Estimates

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Estimates are calculated approximations of a result which is usable even if input data may be incomplete or uncertain.

Sourced[edit]

  • We like to picture to ourselves the field of law as accurately mapped and plotted. We draw our little lines, and they are hardly down before we blur them. As in time and space, so here. Divisions are working hypotheses, adopted for convenience. … So also the duty of a judge becomes itself a question of degree, and he is a useful judge or a poor one as he estimates the measure accurately or loosely. He must balance all his ingredients, his philosophy, his logic, his analogies, his history, his customs, his sense of right, and all the rest, and adding a little here and taking out a little there, must determine, as wisely as he can, which weight shall tip the scales.
  • God estimates us, not by the position we are in, but by the way in which we fill it.
    • Tryon Edwards, reported in Josiah Hotchkiss Gilbert, Dictionary of Burning Words of Brilliant Writers (1895), p. 203.
  • An estimated value is a precarious measure of justice, compared with the specific thing.
    • Lord Mansfield, Fisher v. Prince (1762), 3 Burr. Part IV. 1365; reported in James William Norton-Kyshe, Dictionary of Legal Quotations (1904), p. 86.
  • But in our waking hours we must, if we are rational, make our decisions on the basis of the most objective and cold-blooded estimates that we can make: estimates of the forces and tendencies in the world about us; estimates of the realities with which we must deal; remembering always that nothing is likely to happen just because we think it's good, or unlikely to happen just because we think it's evil.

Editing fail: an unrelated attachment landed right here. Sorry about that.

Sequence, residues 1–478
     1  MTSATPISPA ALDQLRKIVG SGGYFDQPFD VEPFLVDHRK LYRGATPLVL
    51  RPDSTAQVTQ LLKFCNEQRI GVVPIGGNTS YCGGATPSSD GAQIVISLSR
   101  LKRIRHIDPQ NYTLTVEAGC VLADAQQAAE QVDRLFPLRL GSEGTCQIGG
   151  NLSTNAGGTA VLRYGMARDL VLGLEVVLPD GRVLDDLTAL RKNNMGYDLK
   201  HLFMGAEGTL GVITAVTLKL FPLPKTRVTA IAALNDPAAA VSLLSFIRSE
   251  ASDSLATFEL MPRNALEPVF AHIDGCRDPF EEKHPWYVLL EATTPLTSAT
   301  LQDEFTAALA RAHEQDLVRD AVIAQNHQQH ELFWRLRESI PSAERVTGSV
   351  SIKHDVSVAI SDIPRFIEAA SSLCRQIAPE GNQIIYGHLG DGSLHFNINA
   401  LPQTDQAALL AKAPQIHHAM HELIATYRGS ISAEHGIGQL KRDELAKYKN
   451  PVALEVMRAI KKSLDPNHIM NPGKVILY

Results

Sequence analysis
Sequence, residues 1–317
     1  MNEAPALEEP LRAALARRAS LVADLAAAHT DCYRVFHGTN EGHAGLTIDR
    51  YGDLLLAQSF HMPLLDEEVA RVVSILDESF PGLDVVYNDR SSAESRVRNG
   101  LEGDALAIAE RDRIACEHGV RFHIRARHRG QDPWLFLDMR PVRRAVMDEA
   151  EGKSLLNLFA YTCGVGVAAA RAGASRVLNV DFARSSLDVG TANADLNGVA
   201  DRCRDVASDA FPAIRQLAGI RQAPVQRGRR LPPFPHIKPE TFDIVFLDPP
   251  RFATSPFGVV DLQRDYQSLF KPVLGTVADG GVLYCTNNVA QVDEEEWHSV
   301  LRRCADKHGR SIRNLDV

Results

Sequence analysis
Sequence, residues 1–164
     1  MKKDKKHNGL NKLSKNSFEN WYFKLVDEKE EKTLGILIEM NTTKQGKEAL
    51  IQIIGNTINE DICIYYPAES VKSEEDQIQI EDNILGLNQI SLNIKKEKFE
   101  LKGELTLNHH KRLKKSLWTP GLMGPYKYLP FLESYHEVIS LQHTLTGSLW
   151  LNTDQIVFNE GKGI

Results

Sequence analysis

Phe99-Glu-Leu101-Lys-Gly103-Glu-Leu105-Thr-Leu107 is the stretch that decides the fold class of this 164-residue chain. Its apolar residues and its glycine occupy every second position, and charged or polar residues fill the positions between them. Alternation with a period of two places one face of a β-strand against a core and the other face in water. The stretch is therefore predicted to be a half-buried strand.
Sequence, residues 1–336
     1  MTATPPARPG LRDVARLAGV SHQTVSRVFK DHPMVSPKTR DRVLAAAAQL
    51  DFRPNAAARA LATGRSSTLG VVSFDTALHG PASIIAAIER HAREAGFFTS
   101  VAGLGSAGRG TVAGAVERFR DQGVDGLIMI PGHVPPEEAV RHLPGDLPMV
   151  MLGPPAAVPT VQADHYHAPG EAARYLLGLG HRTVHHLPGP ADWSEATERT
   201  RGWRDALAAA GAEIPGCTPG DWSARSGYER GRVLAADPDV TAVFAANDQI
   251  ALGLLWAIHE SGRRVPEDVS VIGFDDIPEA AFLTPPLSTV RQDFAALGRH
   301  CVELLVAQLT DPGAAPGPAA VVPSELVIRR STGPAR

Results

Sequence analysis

• Revilo P. Oliver, "What We Owe Our Parasites", speech (June 1968); Free Speech magazine (October and November 1995).
  • Our leaders attempt to blame their failures on circumstances beyond their control, on false estimates by unknown, unidentifiable experts who rewrite modern history in an attempt to convince us our high standard of living, the result of thrift and hard work, is somehow selfish extravagance which we must renounce as we join in sharing scarcity.
  • Our estimates vary with our moods; the time may be much longer than our hopes and much shorter than our fears.
  • James T. Kirk: How much refit time before we can take her out again?
    Montgomery Scott: Eight weeks, Sir, [Kirk opens his mouth] but ya don't have eight weeks, so I'll do it for ya in two.
    James T. Kirk: Mr.Scott. Have you always multiplied your repair estimates by a factor of four?
    Montgomery Scott: Certainly, Sir. How else can I keep my reputation as a miracle worker?
    James T. Kirk: [over the intercom] Your reputation is secure, Scotty.

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